This tag is for questions seeking a single word that fits a meaning. To ensure your question is not closed as off-topic, please be specific about the intended use of the word. YOU MUST INCLUDE A SAMPLE SENTENCE DEMONSTRATING HOW THE WORD WOULD BE USED; see the "learn more..." link for more ideas on ...

learn more… | top users | synonyms (3)

1
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3answers
200 views

What expression do you use in a CV if you have redone something?

I am writing my CV at the moment and I am at a tricky part. I have redone a software for a company and I want to include this in my CV. I have in my CV: "Erstellung eines Warenwirtschaftssystems ...
13
votes
10answers
7k views

What's the opposite of “omniscient”? [closed]

What's the opposite of omniscient, which means having infinite knowledge, or simply "all-knowing"?​​​​​​​​​​​​​​​​​​​​​​​​​​​​​​​​​​​​​​​​​​​​​​​​​​​​​​​​​​​​​​​​​​​​​​​​​​​​​​​​​​​​​​​​​​​​​​​​​​​​​​​...
6
votes
5answers
2k views

Looking for the opposite of “drill down”

I am a programmer working on a chart component that allows to drill down on selection of a node. Drilling down will show the details of that node (like its children etc.). But I am struggling to find ...
4
votes
2answers
4k views

Are “unestimated” and/or “non-estimated” correct English?

When something is not estimated, is it correct to say that it is unestimated or non-estimated? For example, in certain project management techniques, tasks can be "estimated" which means one or more ...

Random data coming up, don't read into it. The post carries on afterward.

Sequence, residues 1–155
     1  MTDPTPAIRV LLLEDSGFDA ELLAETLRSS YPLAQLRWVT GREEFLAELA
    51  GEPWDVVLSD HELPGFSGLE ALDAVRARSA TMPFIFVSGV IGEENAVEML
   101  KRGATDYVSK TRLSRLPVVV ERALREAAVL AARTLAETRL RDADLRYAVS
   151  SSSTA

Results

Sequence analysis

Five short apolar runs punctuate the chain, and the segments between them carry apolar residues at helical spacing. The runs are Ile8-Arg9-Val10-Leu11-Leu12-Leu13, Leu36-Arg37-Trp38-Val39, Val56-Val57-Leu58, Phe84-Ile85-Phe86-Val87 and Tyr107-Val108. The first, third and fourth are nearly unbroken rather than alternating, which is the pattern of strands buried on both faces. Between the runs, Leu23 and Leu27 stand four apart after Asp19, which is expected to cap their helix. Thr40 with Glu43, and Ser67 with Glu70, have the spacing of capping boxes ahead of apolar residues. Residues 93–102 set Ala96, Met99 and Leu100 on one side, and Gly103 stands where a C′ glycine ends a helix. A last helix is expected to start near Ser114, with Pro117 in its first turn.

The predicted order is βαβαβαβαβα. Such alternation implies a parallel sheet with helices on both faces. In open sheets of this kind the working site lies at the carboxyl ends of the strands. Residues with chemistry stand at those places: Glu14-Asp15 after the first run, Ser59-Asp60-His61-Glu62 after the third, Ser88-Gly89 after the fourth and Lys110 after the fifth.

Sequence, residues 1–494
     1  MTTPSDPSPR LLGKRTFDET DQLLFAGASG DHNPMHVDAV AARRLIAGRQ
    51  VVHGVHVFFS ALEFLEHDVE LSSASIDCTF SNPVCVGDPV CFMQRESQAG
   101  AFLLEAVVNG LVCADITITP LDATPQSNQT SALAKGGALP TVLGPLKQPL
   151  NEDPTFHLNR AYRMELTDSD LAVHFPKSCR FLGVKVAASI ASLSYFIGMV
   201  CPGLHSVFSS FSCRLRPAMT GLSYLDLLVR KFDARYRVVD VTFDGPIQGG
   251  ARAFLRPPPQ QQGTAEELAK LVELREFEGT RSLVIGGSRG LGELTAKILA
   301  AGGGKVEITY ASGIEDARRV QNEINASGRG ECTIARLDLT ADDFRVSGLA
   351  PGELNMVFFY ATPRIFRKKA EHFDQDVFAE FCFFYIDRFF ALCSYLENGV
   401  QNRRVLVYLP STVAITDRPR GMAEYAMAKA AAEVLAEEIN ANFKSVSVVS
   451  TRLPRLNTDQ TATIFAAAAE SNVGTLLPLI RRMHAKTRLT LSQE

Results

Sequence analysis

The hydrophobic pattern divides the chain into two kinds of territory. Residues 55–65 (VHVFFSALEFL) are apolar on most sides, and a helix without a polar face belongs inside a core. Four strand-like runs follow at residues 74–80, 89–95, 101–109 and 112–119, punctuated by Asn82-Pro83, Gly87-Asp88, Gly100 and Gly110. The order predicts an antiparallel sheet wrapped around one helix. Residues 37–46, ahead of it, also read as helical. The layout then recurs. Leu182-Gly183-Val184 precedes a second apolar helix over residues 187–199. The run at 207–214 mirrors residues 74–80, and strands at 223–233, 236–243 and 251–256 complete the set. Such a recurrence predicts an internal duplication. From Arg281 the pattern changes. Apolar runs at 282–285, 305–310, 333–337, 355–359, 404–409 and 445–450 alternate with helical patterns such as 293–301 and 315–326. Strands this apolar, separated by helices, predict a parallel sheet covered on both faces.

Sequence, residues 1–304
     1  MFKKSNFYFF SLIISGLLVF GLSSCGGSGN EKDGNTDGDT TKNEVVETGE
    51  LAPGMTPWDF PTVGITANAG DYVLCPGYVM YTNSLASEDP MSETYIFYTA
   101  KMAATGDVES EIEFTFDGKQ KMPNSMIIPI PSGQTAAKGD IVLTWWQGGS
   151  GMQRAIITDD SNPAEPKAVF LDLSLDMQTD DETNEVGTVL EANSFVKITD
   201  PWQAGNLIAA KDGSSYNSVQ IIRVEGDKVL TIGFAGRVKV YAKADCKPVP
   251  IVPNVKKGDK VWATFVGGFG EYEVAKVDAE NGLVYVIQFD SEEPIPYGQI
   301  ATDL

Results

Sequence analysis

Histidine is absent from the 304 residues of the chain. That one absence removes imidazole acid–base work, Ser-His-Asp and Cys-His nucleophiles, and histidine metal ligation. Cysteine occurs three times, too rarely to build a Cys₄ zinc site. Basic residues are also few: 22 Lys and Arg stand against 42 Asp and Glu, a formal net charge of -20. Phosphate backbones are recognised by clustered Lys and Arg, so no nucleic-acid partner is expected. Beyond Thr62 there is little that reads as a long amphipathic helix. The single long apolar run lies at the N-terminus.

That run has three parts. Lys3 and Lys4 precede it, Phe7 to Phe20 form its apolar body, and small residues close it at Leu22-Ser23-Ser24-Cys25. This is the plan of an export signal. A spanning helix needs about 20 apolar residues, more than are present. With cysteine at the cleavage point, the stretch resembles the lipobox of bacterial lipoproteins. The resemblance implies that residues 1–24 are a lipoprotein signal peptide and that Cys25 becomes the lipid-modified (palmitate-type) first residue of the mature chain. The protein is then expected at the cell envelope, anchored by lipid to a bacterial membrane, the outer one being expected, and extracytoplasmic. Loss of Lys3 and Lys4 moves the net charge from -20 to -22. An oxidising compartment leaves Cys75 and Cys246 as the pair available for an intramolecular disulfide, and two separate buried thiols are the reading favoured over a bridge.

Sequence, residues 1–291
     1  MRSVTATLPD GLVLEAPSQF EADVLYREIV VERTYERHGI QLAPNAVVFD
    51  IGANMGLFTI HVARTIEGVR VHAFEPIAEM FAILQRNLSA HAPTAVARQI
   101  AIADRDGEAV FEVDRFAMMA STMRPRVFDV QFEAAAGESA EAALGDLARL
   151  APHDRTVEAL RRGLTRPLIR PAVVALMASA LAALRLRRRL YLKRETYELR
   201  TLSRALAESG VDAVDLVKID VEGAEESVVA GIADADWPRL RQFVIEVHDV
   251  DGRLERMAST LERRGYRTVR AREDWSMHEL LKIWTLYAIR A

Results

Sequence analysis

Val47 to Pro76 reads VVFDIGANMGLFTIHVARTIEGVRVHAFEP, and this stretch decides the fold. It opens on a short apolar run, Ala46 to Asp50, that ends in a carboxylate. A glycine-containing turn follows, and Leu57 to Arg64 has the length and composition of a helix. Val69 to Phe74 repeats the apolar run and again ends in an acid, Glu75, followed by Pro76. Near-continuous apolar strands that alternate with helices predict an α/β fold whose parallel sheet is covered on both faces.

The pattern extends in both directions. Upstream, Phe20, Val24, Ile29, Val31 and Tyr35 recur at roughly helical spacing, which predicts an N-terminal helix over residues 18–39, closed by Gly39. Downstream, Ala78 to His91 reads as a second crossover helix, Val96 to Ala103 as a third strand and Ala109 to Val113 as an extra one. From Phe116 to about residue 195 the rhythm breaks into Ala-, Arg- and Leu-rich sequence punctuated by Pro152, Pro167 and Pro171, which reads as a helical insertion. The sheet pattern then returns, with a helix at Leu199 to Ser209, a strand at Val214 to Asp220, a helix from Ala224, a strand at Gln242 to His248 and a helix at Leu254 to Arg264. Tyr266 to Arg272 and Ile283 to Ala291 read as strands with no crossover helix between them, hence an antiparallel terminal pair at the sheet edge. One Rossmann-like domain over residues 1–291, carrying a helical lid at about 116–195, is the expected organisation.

11
votes
3answers
1k views

First appearance of a ghost after a person's death

In the ballet Giselle, the title character dies at the end of Act 1. One wouldn't generally describe her ghostly presence in Act 2 as the result of a resurrection, because that implies that her ...
-2
votes
2answers
14k views

Word whose definition is “words that have multiple meanings”

What is a word whose definition is "words that have multiple meanings"?
13
votes
3answers
463 views

Like ambidextrous, but for a thing

We know that "ambidextrous" describes (roughly) the ability to use both hands. Are there words in English the capture the idea of something that is "suitable for use by either hand"? Similarly, is ...
5
votes
3answers
307 views

“This is actually true” vs. [sic]

I often find myself in need of a short expression, to emphasize that what I just wrote (not quoted) is actually true. In cases of paradoxes or illogical truths for instance, like The Monty Hall ...
5
votes
7answers
3k views

“Taste” is to “flavor” as “touch” and “sight” are to what?

For the senses, we have: flavor for taste aroma/odor/scent for smell sound for hearing ____? for touch/feel ____? for sight/see So one tastes a flavor, smells an aroma, hears a sound, feels a(n) ...